“Take a look at this,” Hélissenne said excitedly. The inspector had arrived at the hotel in Gincla and had found her deeply engrossed in reading the letters she and Geoffrey had uncovered, piles of pages strewn all over the large table in the dining room she had commandeered. Canal had initially walked over and stood by silently for some moments, watching her read, until she looked up and greeted him cordially, inviting him to take a seat next to her at the table.
She pointed to a passage in both the twelfth-century original and the sixteenth-century copy. “Abelard is clearly beside himself here—Heloise has just told him to stop writing to her because she cannot bear for him to reproach her anymore.” (The two native-born French speakers conversed in French, not Latin, but we shall follow their discussion in plain English.)
“Yes,” the inspector nodded, “it is a crucial part of the correspondence. It seems that Abelard is taking out on Heloise his frustration with himself for having become obsessed with her,” Canal continued, happy to have the opportunity to voice some of his own speculations about the correspondence. “He cannot accept the fact that he has given himself over completely to his sexual desire for her and has ended up seriously neglecting his philosophical work. It has led him to get angry at her for every little thing, as if he were looking for a reason to break up with her.”
Those who feel that liberation from tradition is a good thing rejoice
at this change, while those who fear the results lament the loss of
JDBC provides your application with direct access to a relational
data store. Though JDBC tries to objectify the data store using
objects that represent relational database concepts, it does not
provide an object-oriented picture of your problem domain. Your job
in JDBC programming is to use information from those database objects
to build an OO picture of your problem domain. This task is the
problem of object-relational mapping we talked about in Chapter 4.
Also in Chapter 4, I introduced the concept of the
data access object pattern. Using this pattern, business objects
delegate their persistence to something else called a data access
object. Chapter 4 then showed you how to use JDBC
to build data access objects. Chapter 6 showed you
how to use the data access object pattern in an EJB system to provide
You do not need to write the persistence layer for this pattern to be
valid. EJB CMP delegates its
persistence operations to the container. EJB CMP, however, is not the
only automated persistence option for Java architects and developers.
This chapter covers the major standard option to EJB CMP, the Java
Data Objects (JDO) specification. If you are not familiar with this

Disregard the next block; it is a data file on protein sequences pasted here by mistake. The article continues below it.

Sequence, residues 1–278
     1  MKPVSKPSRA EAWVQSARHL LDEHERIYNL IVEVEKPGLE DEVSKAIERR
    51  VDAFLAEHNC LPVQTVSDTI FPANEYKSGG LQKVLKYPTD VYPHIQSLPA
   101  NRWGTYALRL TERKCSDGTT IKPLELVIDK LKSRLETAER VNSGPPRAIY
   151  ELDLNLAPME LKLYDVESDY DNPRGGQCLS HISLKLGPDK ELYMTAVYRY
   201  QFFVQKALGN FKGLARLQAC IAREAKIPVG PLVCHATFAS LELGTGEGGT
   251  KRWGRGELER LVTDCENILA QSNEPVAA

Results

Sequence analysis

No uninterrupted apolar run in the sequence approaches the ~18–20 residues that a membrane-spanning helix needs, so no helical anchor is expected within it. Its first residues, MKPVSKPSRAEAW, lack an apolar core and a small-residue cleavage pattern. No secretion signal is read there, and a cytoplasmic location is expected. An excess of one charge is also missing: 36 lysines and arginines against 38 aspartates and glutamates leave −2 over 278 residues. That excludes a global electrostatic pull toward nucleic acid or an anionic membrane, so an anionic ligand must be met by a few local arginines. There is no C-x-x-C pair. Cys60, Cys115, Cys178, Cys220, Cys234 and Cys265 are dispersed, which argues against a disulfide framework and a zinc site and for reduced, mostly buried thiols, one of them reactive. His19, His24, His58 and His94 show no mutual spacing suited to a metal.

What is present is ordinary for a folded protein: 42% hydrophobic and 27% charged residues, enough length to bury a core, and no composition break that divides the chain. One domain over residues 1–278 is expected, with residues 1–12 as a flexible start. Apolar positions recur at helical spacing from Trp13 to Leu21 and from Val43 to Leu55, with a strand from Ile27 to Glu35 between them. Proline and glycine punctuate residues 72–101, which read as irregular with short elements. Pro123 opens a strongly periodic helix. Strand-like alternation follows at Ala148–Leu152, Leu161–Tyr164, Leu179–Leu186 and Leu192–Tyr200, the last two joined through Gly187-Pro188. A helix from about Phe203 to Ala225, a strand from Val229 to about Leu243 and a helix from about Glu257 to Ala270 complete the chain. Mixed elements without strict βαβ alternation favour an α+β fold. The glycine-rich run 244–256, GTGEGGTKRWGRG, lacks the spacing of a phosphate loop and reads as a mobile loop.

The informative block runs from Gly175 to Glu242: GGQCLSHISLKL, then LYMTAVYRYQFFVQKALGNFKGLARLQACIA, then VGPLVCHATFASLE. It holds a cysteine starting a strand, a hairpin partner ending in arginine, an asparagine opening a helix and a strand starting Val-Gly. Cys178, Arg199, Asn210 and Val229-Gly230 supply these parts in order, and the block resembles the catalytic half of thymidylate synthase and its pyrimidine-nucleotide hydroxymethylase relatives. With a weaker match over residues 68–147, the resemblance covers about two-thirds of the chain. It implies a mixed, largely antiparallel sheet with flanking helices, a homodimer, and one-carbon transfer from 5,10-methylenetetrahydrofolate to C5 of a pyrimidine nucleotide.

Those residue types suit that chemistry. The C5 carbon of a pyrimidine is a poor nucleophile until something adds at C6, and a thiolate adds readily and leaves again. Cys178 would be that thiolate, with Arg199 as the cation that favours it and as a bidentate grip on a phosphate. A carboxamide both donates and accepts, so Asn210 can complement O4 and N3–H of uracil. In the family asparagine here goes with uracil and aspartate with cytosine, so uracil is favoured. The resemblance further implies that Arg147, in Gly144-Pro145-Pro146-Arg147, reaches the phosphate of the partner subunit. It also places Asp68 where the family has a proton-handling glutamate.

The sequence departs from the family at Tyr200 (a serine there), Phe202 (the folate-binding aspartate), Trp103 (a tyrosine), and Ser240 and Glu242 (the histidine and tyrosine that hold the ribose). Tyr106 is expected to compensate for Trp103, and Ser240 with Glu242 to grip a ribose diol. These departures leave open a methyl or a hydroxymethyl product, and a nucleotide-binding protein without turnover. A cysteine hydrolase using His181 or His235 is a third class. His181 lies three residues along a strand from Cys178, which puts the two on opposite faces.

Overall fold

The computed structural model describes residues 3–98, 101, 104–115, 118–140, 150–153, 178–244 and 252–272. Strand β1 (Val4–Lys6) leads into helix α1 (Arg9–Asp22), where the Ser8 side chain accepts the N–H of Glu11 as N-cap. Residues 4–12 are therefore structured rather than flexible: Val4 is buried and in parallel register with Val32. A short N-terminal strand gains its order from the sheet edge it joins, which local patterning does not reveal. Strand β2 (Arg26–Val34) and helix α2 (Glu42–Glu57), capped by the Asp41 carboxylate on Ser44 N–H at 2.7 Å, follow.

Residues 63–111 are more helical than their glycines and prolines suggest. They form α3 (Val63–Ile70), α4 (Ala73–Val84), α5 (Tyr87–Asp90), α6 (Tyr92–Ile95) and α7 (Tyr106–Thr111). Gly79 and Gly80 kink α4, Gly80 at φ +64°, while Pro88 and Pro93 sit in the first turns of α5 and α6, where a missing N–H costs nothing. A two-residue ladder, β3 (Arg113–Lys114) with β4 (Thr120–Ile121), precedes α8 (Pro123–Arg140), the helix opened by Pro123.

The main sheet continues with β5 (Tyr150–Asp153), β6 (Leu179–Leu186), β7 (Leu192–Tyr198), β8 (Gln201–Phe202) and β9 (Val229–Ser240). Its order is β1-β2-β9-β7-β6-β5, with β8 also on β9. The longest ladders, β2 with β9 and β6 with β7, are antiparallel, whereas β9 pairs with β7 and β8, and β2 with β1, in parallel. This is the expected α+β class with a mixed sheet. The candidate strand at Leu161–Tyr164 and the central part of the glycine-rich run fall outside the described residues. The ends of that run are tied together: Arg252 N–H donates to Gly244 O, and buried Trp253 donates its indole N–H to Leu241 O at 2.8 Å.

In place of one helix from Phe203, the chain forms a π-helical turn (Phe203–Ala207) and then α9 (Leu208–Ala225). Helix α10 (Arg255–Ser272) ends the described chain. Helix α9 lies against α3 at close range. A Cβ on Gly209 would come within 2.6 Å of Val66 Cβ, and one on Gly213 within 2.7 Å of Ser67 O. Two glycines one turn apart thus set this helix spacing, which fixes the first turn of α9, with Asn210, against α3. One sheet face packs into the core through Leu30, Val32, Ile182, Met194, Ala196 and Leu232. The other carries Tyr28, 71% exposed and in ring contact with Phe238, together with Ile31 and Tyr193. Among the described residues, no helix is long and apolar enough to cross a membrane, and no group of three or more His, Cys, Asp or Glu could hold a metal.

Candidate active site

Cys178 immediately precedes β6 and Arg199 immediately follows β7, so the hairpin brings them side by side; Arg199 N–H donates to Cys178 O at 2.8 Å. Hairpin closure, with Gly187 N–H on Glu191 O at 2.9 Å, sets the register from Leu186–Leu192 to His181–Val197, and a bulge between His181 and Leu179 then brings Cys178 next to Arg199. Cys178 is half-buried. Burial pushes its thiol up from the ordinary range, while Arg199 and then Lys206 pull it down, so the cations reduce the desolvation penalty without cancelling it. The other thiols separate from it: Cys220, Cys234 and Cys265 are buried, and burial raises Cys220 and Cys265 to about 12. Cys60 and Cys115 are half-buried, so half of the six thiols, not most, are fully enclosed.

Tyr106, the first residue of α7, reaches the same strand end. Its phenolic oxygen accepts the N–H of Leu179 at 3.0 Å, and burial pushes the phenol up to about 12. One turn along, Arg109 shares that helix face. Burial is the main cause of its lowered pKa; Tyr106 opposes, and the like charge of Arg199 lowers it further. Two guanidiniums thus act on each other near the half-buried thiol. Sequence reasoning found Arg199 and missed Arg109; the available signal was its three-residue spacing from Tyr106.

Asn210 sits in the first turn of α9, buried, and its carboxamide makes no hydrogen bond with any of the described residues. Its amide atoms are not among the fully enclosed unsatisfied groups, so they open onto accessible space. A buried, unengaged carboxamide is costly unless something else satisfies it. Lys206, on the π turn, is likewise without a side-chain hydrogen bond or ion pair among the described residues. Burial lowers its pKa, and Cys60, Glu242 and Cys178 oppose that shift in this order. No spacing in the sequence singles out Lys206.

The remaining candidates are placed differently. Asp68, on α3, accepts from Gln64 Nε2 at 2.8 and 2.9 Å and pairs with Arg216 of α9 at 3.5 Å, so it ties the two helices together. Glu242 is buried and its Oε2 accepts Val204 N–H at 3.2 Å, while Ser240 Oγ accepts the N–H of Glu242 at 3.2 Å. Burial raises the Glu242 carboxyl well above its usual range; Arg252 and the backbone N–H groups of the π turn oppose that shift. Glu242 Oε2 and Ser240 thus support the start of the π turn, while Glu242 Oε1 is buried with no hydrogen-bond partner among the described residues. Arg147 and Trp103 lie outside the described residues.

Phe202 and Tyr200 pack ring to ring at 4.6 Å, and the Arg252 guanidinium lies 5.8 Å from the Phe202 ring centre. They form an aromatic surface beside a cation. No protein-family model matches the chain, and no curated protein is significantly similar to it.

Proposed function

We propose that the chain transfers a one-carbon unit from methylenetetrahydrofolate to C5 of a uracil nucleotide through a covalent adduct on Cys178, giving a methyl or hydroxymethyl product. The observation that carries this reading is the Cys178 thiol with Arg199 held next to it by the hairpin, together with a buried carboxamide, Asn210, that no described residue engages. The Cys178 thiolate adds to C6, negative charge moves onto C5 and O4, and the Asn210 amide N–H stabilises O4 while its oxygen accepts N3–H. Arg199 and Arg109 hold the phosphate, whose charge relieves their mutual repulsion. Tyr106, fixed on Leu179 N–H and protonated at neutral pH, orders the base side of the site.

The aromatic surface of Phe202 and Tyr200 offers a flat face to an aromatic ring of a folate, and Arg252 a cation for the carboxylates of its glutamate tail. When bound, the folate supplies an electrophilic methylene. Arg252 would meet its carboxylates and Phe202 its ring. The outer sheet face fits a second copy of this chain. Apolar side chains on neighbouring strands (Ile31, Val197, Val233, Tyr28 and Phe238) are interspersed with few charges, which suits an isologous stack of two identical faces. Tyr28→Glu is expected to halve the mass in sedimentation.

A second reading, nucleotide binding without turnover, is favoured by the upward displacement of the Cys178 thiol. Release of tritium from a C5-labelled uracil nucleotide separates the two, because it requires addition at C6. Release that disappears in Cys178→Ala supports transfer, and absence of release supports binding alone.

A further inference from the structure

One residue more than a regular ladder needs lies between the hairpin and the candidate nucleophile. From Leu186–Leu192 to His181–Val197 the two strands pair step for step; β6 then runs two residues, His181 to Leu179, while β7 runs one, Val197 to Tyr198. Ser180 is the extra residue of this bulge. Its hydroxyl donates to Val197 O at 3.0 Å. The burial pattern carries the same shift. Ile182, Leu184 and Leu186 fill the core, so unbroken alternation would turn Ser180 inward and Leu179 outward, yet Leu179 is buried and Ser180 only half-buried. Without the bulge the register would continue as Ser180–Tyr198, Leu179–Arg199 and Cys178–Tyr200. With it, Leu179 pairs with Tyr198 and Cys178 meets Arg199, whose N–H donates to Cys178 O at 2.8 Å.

specification, Chapter 12 provides a tutorial to
introduce you to JDO programming.
If you read Chapter1 for a speedy way to get your iPod set up and ready to play, you've already dipped a toe in the iTunes waters. But as you may have guessed, beneath its pretty surface, iTunes is a deep well of media-management wonders.
Even without buying music from the online iTunes Store, you can use the program to import music from your CD collection, and add personal ratings, lyrics, and artwork to your song files. Once you check everything into your iTunes library, the program makes it easy to browse and search through all your treasures.
Yes, iTunes is a powerful program. So powerful, in fact, that this chapter is mainly going to focus on introducing you to its most basic and useful likefunctions what the controls do and how to import music from CDs. If you want to learn more about fine-tuning your library, Chapter5 covers more advanced iTunes features. Chapter6 tells you how to create customized song playlists, Chapter7 is all about blowing your bucks in the iTunes Store, and Chapter8 spotlights the video side of iTunes.
The Lao People's Democratic Republic (PDR) is one of those almost-undiscovered travel destinations that is too quickly becoming a stop on the main tourist trail. It's a land of incredible contrasts - beautiful scenery, raging rivers, poor infrastructure, great food, fabulous UNESCO world heritage sites, and incredibly poor people. The country is slowly awakening to the possibilities of adventure and eco-tourism, but there is still a long way to go. Travel times are long - plan on a top speed of 40-50 km per hour on most roads. Public transport is often primitive - rattletrap buses with people sitting on cement bags down the aisle. There are no trains. Lao Aviation flies to most places in the country, and fares are reasonable, but schedules are infrequent and inconvenient in many cases.
The ASEAN conference of 2004 resulted in some major road improvements around Vientiane, but the rest of the country is still not well off.
Still, Laos is a country not to be missed. You can see waterfalls that pass more water than Niagara Falls (in the rainy season), cycle around islands in the Mekong where life is almost unchanged from 50-100 years ago, visit hundreds of Buddhist temples and thousands of saffron-robed monks, trek into the hill tribe areas and ride elephants, kayak in the many rivers, visit former royal palaces that are now living history museums, and so much more. There are no true beaches - Laos is a landlocked country - but there are miles of rivers that are as big as lakes after the rains fall. There's not much wildlife anymore, but the diversity of plants almost makes up for that.